Indoor Tanning

You know that basking in the sun is bad for you — sun worshippers have prematurely aging skin, wrinkles, and maybe even skin cancer to look forward to. But you're no fan of the Morticia Addams look either.

Tempted to try a tanning salon? Maybe you've heard that sunbeds only use "safe" UVA light, avoiding the UVB light that causes burning. But unfortunately it's not that simple. UVA rays can cause just as much — if not more — damage than UVB rays because they penetrate the skin more deeply. In fact, doctors say that the use of tanning salons is one reason they're treating more young patients for skin cancer.

Indoor Tanning vs. Sunlight

The sun's rays contain two types of ultraviolet radiation that affect your skin: UVA and UVB. UVB radiation burns the upper layers of skin (the epidermis), causing sunburns. UVA radiation penetrates to the lower layers of the epidermis, where it triggers cells called melanocytes (pronounced: mel-an-oh-sites) to produce melanin. Melanin is the brown pigment that causes tanning.

Both UVA and UVB rays contribute to skin aging. Both types also can cause potentially cancerous changes in your cells' DNA. And, according to a recent study, radiation from just 10 indoor-tanning sessions in 2 weeks can suppress a person's cancer-fighting immune system.

Although tanning beds use UVA light, the concentration of UVA rays from a tanning bed is greater than that from the sun. And despite manufacturer claims, some tanning lamps do also emit UVB light. So if you try indoor tanning, you'll absorb far more rays in the long run, significantly age your skin, and put yourself at even greater risk for skin cancer.

What Tanning Salons Don't Tell You

A 2002 study published in the Journal of the National Cancer Institute found that users of tanning beds and lamps had substantially increased risks of basal and squamous cell carcinoma, the two most common types of skin cancer.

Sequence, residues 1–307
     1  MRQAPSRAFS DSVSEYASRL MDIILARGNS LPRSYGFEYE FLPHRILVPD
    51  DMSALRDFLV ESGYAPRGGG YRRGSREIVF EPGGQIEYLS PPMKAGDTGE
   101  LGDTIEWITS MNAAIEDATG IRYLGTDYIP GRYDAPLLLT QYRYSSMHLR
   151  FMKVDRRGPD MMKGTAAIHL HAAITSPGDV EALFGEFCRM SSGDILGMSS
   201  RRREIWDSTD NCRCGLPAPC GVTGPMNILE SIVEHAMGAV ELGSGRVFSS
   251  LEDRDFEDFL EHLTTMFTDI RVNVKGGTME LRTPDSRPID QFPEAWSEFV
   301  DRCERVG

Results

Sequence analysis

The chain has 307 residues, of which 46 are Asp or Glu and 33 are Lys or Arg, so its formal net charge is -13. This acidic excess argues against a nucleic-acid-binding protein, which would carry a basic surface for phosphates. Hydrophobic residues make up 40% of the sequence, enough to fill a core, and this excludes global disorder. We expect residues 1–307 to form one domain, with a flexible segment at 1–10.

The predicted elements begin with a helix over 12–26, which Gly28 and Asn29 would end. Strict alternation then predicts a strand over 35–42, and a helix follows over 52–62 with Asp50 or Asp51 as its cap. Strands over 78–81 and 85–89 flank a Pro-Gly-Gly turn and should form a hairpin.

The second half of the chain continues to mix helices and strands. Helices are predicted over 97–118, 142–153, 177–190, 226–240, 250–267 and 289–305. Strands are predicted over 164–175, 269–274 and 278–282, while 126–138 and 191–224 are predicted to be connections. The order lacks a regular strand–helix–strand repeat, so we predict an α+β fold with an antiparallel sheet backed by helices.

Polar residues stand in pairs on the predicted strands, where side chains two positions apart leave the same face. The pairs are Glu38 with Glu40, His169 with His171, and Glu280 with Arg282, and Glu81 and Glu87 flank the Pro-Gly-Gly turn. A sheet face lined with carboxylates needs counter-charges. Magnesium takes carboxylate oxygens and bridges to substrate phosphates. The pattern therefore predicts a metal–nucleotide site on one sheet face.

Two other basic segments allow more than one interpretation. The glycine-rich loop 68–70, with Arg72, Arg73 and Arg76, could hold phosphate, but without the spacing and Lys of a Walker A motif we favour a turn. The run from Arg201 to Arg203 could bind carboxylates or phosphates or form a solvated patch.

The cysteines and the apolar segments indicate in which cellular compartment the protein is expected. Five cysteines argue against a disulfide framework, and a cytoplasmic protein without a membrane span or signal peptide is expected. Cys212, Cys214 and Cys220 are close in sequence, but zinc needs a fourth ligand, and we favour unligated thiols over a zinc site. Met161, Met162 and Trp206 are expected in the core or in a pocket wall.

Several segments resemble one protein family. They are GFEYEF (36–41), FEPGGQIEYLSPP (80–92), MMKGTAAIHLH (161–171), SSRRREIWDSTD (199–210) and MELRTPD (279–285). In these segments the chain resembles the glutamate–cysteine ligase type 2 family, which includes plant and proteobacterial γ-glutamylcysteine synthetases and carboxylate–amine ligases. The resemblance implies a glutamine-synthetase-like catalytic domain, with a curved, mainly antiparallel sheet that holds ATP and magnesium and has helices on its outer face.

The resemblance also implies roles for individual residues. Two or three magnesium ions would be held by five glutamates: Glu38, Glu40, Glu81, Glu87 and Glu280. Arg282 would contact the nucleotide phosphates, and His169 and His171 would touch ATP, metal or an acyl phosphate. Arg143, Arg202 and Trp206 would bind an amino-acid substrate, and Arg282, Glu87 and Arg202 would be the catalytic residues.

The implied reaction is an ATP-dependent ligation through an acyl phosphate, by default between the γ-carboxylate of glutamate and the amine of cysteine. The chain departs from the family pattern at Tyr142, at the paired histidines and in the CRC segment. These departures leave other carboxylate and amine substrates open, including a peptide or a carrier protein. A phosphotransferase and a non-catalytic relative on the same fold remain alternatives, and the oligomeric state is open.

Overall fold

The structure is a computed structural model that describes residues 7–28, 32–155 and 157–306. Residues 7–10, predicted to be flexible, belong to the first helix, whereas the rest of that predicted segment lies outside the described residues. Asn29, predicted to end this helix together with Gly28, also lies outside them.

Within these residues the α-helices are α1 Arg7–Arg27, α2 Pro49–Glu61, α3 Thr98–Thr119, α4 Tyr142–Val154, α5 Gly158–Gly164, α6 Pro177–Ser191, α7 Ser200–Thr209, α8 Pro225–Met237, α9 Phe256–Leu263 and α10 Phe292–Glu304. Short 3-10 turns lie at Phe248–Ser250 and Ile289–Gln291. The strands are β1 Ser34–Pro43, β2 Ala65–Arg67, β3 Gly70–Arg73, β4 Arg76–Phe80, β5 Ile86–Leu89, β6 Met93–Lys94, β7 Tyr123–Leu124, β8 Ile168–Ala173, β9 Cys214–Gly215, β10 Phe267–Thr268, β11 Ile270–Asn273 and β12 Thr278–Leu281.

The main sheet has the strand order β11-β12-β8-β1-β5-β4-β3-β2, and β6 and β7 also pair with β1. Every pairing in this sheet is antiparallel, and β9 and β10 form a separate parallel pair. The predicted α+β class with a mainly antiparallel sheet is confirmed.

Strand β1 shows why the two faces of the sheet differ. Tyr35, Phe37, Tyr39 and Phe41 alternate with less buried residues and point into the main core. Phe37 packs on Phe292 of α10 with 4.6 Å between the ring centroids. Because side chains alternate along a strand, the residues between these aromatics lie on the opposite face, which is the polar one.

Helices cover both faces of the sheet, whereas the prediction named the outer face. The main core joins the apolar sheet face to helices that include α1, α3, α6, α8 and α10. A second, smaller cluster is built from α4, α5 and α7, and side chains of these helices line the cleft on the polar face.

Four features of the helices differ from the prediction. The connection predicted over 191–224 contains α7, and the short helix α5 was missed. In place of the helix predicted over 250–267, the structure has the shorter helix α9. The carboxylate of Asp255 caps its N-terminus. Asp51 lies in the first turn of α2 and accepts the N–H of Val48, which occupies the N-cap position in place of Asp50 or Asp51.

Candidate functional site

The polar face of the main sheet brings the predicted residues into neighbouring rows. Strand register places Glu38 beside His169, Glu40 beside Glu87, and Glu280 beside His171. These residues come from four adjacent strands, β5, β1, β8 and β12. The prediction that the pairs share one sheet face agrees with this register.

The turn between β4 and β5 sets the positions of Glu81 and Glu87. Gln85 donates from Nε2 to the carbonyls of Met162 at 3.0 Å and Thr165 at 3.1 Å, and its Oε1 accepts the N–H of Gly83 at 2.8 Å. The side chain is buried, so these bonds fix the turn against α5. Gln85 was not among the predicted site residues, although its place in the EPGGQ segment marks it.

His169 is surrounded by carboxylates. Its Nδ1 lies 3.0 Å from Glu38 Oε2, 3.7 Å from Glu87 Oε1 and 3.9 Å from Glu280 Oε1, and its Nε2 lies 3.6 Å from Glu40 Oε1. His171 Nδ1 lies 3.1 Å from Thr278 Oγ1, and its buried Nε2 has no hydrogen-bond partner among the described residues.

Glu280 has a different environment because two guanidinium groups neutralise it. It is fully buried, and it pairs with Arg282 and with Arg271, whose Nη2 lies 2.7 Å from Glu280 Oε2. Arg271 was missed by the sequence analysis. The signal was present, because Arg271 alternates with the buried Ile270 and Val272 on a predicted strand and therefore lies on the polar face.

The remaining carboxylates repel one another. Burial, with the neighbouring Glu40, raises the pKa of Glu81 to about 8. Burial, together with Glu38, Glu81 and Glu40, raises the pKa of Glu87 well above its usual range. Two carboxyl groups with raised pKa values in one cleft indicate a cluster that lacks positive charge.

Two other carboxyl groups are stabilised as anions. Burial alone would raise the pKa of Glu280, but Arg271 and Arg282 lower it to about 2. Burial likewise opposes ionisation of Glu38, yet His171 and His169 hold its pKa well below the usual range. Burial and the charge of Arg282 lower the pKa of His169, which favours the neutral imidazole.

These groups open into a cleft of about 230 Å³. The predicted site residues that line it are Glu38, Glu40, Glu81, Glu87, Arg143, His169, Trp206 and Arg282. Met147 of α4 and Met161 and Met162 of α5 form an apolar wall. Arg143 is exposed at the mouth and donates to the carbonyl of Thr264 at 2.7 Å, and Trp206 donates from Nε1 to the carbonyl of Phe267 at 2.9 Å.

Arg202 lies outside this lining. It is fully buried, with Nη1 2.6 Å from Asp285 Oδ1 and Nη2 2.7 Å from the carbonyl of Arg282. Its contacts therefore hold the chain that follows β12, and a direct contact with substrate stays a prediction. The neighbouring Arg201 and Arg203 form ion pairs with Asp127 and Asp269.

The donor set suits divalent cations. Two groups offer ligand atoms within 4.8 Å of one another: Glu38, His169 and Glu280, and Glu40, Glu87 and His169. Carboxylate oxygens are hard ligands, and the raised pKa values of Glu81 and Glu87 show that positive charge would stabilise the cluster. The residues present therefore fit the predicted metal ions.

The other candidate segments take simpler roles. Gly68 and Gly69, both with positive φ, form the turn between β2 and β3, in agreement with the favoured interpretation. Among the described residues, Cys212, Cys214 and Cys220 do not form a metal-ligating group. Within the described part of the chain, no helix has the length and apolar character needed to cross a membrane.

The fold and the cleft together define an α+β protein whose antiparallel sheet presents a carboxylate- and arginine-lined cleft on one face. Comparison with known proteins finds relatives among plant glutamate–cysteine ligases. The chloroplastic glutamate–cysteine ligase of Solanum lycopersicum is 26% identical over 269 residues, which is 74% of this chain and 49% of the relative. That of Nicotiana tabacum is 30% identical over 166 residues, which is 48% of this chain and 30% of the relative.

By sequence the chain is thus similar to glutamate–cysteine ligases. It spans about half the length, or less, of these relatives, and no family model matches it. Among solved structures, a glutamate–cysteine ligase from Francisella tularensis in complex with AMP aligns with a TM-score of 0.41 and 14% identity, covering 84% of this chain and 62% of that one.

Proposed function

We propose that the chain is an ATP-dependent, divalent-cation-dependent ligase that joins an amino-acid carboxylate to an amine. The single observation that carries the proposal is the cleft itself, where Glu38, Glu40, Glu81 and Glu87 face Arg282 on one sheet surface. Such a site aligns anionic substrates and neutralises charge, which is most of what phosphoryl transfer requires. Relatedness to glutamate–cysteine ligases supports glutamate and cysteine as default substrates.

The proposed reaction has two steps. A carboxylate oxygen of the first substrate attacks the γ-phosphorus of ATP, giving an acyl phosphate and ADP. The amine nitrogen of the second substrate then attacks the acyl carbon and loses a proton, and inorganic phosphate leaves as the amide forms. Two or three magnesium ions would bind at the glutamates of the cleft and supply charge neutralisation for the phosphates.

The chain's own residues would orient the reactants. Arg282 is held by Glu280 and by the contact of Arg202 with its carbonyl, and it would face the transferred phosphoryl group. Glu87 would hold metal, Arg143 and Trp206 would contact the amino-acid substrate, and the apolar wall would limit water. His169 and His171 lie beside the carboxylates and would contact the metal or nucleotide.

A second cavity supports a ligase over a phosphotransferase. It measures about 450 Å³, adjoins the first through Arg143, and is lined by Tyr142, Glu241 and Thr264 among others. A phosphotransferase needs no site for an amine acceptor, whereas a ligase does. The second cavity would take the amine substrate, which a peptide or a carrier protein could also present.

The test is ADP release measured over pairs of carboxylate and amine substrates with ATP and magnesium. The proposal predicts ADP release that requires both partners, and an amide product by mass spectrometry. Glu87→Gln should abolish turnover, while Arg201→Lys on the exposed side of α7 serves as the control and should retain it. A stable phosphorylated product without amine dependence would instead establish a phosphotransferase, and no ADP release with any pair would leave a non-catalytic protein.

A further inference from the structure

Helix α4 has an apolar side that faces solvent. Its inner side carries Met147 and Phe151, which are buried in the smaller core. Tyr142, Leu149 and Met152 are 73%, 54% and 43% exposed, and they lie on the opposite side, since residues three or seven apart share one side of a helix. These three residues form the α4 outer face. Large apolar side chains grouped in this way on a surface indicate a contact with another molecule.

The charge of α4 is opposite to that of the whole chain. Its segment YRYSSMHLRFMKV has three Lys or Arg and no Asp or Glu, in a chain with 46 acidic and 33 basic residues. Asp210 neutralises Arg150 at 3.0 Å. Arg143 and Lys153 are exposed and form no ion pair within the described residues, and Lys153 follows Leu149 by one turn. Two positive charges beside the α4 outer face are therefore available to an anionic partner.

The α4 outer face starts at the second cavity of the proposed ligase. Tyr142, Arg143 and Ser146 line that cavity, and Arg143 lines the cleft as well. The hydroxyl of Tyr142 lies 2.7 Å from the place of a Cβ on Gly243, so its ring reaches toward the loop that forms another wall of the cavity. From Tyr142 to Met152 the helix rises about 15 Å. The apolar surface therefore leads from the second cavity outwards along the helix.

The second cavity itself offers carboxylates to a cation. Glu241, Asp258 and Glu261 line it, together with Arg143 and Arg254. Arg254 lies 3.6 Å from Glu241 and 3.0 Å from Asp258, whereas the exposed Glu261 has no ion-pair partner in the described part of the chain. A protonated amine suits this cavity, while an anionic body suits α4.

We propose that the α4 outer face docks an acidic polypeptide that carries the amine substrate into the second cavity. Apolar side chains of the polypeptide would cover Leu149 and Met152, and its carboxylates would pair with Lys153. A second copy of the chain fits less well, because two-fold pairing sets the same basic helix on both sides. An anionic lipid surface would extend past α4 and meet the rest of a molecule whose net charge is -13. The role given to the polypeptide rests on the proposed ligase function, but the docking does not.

And don't expect tanning salon employees to warn you about the perils of using their facilities. Despite federal guidelines on how much exposure people should have to tanning equipment, most of the tanning parlors in a 2005 survey said customers could come in as often as they wanted. And more than a third of the tanning salons denied that indoor tanning can cause skin cancer or prematurely age the skin.

How can they get away with statements that aren't true? Tanning salons are a $2 billion industry in the United States and they want your business. Additionally, not all states regulate tanning equipment, and the federal government is still working out guidelines. So there are no structures in place to govern how salons are operated — including how well they maintain their equipment.

Minimizing Your Risk

People who have tanned in the past already have skin damage — even if they can't see it yet — and need to be very cautious about additional UV exposure. Like everyone else, they should wear sunscreen or sun-protective clothing (or both) while outdoors, and a dermatologist should check their skin periodically for suspicious moles or other lesions.

But you don't have to go without that sun-bronzed look. The new generation of self-tanners and spray-on tans offer easy, realistic results at a reasonable price. Just be sure to use a daily sunblock with an SPF of at least 15 when you go outdoors since fake tanners don't protect you against sunburn!

Reviewed by: Patrice Hyde, MD
Date reviewed: June 2009

Kids Health

Note: All information is for educational purposes only. For specific medical advice, diagnoses, and treatment, consult your doctor.

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